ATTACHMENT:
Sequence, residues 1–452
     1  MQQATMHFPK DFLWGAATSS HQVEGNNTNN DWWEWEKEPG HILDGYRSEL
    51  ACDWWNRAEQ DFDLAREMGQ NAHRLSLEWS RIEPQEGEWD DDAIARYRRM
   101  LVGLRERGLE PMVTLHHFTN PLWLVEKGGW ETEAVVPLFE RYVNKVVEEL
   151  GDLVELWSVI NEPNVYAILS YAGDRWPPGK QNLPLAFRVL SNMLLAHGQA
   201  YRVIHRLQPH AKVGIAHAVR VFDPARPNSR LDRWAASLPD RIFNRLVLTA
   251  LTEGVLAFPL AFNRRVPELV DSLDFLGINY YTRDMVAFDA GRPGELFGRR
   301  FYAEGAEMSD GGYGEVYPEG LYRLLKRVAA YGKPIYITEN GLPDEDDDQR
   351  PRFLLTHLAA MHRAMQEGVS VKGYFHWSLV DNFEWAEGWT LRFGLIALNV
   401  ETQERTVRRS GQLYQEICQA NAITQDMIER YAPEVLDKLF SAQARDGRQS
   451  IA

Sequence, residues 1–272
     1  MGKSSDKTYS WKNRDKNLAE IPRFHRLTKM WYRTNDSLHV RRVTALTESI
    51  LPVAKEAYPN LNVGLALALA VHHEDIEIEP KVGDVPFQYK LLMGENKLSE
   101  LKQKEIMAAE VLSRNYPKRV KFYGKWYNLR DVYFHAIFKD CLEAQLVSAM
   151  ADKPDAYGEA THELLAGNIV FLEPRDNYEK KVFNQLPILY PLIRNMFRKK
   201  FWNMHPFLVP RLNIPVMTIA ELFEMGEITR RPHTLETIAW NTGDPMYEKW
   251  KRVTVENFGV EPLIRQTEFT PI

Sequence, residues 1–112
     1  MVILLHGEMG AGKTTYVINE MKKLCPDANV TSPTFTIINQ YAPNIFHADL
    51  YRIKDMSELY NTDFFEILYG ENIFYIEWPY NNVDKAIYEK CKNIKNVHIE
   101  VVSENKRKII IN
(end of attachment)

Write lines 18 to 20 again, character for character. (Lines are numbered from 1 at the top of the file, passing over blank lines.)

   251  KRVTVENFGV EPLIRQTEFT PI

Sequence, residues 1–112
     1  MVILLHGEMG AGKTTYVINE MKKLCPDANV TSPTFTIINQ YAPNIFHADL